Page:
2 1176 J. Fiedler et al.: Mean diurnal variations of noctilucent clouds above ALOMAR NLC observations on a regular basis by lidar require a location well inside the polar cap of their usual occurrence, the border of which is around 6 for the Northern Hemisphere (Gadsden, 1998). Measurements at these high latitudes during summer require daylight capability of the lidar systems, which are only featured in a few stations (Müller et al., 1997; Chu et al., 23; Thayer et al., 23; Fiedler et al., 23; Höffner et al., 23). Even less of them are able to cover the noon period with sufficient signal quality. Observations at ALOMAR (69 N) during 1997 showed significant tidal signatures for NLC altitude as well as backscatter ratio with dominating semidiurnal variations (von Zahn et al., 1998). Measurements at the South Pole during the 2 seasons, and 2 21, also indicated strong diurnal and semidiurnal variations of these parameters but with different phase relations (Chu et al., 23). Here we report on the diurnal variability of NLC occurrence frequency and layer parameters, as seen above ALOMAR between 1997 and Instrumentation and data analysis The ALOMAR Rayleigh/Mie/Raman (RMR) lidar is an active remote sensing instrument for investigation of the Arctic middle atmosphere during day and night. It is located at the island of Andøya in Northern Norway (69 N, 16 E) and operated on a routine basis to measure relative density profiles and aerosol properties in the stratosphere and mesosphere. One of the major tasks is the observation of noctilucent clouds which is done from 1 June to 15 August since For the measurements reported here we use a frequency-doubled Nd:YAG laser at 532 nm, whose wavelength is actively stabilized by iodine absorption spectroscopy. At the receiving side a 1.8-m diameter telescope (field-of-view 18 µrad), in combination with a double Fabry-Perot interferometer having an effective spectral bandwidth of about 4 pm (FWHM) is used (von Zahn et al., 2). These methods result in the ability to detect NLC during all local times of the Arctic summer. The photodetector records photons emitted by the lidar and backscattered from air molecules and NLC particles as a function of altitude z and sunlight scattered by the atmosphere. After subtraction of both solar background and thermionic emission of the detector an altitude profile of the total backscatter signal S(z) is obtained. The ratio of the measured total backscatter signal S(z) and the molecular signal S M (z) yields the backscatter ratio R(z) as a measure for the presence of NLC particles: R(z) = S(z) S M (z) = β M(z) + β NLC (z), (1) β M (z) where β M (z) and β NLC (z) are the volume backscatter coefficients for air molecules and NLC particles, respectively. Using air densities from Lübken (1999) to derive β M (z) at the lidar location, the volume backscatter coefficient β NLC (z) is calculated. For better readability we will use the term brightness as a synonym for the maximum value β max of the altitude profile β NLC (z) and will give β-values always in units of 1 1 m 1 sr 1, unless otherwise stated. The NLC altitude is described by its centroid value z c. From the time resolution of 167 s defined by the data acquisition we calculate 14-min means and check these profiles for a minimum required signal quality S/ S>2 at 55 km altitude, where S is the corresponding measurement error. The verified data are searched for NLC signatures which results in 2 data sets containing total and NLC measurements, respectively. Following this procedure, from a total of 188 measurement hours between 1997 and 23 noctilucent clouds have been observed during 64 hours, which is, to our knowledge, the most extensive lidar acquired NLC archive. More detailed information regarding the data processing can be found in Fiedler et al. (23). 3 Observations The temporal distribution of the total lidar measurements on different time scales is given in Fig. 1, indicating a good coverage for our NLC investigations. The ratio of time NLC over total measurements results in the occurrence frequency of noctilucent clouds. We have arranged the data for local times (LT), which is universal time (UT) plus 1 hour and it differs from local solar time only by 4 min. Figure 2 shows the hourly mean values of the occurrence frequency for the accumulated data from 1997 to 23. On average, over 7 years NLC occur during the whole day and preferably in the early morning hours. The upper panel of Fig. 2 shows curves for 2 different thresholds of β max which limits the cloud brightness to certain classes. The value of β max > means all NLC observed during the considered time period, whereas β max >4 limits the data set to clouds having a brightness observable during all local times, even under less favorable measurement conditions. This data set is independent of the solar elevation which was addressed in detail in Fiedler et al. (23) for the years 1997 until 21 and also holds for the later years. To be unaffected by the NLC detection efficiency variation, only data for β max >4 will be used. Note that we ignore 3% of the NLC observations by this method. We find the maximum occurrence of brighter NLC with approx. 4% between 4 and 7 LT, followed by a steep decrease to values around 18% from 9 to 23 LT. The lower panel of Fig. 2 shows the occurrence frequencies of weak (β max =4 7) and strong (β max >13) NLC following the brightness definitions in Fiedler et al. (23). Both weak and strong clouds have the morning maximum but the weak ones have a clear second maximum during the afternoon. Harmonic fits F (t) to the data regarding periods of 24 as well as 12 h have been done using the following equation: [ ] [ ] 2π 2π F, (t) = A + A 12 cos 12 (t φ 12) + A 24 cos 24 (t φ 24) (2)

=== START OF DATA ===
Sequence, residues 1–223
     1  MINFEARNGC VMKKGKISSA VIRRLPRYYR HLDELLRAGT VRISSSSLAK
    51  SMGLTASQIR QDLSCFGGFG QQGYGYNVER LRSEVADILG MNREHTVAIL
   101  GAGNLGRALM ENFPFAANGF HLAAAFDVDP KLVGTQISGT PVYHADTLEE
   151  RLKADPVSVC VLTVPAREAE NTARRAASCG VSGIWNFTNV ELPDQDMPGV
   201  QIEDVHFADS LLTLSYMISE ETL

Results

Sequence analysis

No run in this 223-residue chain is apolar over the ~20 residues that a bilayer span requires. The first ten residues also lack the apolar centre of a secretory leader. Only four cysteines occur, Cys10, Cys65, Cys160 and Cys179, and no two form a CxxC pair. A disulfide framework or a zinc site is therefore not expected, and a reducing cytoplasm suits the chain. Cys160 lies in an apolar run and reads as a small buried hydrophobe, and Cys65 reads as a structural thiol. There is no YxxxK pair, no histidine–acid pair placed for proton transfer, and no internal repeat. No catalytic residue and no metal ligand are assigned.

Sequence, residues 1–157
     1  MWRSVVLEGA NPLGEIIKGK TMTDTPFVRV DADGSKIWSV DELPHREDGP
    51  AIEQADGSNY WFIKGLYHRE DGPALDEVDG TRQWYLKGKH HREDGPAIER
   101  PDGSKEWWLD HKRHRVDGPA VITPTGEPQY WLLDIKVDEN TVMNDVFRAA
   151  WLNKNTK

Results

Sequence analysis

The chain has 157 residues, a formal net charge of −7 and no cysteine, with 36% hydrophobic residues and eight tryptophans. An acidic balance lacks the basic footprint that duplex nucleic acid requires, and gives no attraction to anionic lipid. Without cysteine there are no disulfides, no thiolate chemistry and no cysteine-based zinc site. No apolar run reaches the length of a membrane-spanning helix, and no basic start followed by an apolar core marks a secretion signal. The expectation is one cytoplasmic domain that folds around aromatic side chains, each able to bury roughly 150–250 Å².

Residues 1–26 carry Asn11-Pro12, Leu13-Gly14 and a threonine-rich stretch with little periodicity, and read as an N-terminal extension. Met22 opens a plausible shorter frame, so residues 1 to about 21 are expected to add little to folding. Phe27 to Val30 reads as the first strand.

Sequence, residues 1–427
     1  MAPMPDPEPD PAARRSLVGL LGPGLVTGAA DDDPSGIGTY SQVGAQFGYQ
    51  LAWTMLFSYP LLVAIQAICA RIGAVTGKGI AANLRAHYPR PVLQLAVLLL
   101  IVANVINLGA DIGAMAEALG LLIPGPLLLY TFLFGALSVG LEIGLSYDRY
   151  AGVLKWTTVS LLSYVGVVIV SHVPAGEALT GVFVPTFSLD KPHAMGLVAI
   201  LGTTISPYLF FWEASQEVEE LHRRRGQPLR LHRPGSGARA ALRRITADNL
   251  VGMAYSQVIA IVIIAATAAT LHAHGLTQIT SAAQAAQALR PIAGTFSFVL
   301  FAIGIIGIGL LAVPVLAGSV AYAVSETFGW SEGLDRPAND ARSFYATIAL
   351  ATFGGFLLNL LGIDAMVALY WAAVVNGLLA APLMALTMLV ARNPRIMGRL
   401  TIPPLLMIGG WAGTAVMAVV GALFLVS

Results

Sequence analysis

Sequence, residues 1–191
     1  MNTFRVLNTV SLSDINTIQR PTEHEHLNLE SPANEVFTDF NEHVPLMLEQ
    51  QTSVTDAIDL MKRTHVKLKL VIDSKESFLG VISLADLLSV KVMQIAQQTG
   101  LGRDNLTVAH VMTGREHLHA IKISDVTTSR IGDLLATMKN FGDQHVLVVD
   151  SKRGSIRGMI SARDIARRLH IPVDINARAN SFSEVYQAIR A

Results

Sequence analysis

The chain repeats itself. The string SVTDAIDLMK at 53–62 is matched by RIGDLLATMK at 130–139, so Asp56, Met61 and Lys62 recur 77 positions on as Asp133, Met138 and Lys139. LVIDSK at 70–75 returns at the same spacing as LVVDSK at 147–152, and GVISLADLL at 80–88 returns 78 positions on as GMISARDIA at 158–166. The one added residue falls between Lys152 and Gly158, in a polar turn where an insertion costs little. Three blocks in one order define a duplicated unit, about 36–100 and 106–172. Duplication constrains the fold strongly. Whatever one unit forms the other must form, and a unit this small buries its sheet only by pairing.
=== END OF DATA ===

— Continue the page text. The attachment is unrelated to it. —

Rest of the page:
3 J. Fiedler et al.: Mean diurnal variations of noctilucent clouds above ALOMAR 1177 Measurement Time [h] Measurement Time [h] Measurement Time [h] (a) Year (b) Day of Year (c) Fig. 1. Time distribution of the ALOMAR RMR lidar total measurements as a function of years (a), season (b), and day (c) between 1 June and 15 August from 1997 to 23. where A and φ are the amplitudes and phases of the allowed wave components, A is the mean value of the data set, and t is time (LT) in hours. This method yields correlation coefficients of.81 and.97 for the weak and strong clouds, respectively. While the diurnal and semidiurnal amplitudes of the occurrence frequency of the weak clouds are almost identical ( A 24 /A 12 =1.3), the strong clouds show a dominating diurnal variation ( A 24 /A 12 =2.18). For further characterization of the properties of noctilucent clouds we use their brightness and altitude, expressed by the maximum value of the volume backscatter coefficient β max and the centroid altitude z c, respectively. Figure 3 shows the diurnal variation of these parameters for the accumulated data set from 1997 to 23. The vertical bars represent the 95% significance limits of the hourly mean values, each containing between 8 and 33 measurement hours. Both diurnal and semidiurnal components are substantially responsible for the variations of altitude ( A 24 /A 12 =.78) and brightness NLC Occurrence Frequency [%] NLC Occurrence Frequency [%] (a) (b) Fig. 2. Diurnal occurrence of NLC above ALOMAR for the integrated data set from 1997 to 23, sorted by brightness classes. (a) β max > (black hollow circles) and β max >4 (black filled circles). (b) β max :4 7 (green circles) and β max >13 (magenta circles). The brightness values are in units of 1 1 m 1 sr 1, the dashed curves are harmonic fits to the data. z c [km] Fig. 3. Diurnal variation of NLC altitude (red circles) and brightness (blue circles) above ALOMAR for the integrated data set from 1997 to 23. Only clouds brighter than β max >4 1 1 m 1 sr 1 are included. The vertical bars represent the 95% significance limits of the hourly mean values, and the dashed curves are harmonic fits to the data. ( A 24 /A 12 =1.27) as a function of local time. The correlation coefficients for altitude and brightness fits are.91 and.85, respectively, which indicates that the mean variation is well described by these periods. On average, over 7 years the variations of NLC altitude and brightness are in anti-phase, i.e. brighter clouds occur at lower altitudes than less bright clouds ß max [1-1 m -1 sr -1 ]